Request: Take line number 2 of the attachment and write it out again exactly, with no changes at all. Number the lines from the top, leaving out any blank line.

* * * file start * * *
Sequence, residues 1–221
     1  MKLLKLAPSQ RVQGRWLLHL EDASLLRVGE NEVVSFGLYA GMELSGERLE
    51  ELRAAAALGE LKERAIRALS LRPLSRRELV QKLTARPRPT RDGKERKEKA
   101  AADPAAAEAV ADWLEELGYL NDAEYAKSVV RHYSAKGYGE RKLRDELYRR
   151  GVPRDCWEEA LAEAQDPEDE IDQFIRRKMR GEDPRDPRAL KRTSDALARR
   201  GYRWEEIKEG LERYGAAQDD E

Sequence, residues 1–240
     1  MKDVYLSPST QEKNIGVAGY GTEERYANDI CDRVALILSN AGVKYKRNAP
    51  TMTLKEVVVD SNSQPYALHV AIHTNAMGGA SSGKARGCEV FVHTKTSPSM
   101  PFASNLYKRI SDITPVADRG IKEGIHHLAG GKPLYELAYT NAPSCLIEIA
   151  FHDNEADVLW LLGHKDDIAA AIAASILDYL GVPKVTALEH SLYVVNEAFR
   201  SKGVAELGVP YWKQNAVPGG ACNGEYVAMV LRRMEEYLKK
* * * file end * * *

     1  MKLLKLAPSQ RVQGRWLLHL EDASLLRVGE NEVVSFGLYA GMELSGERLE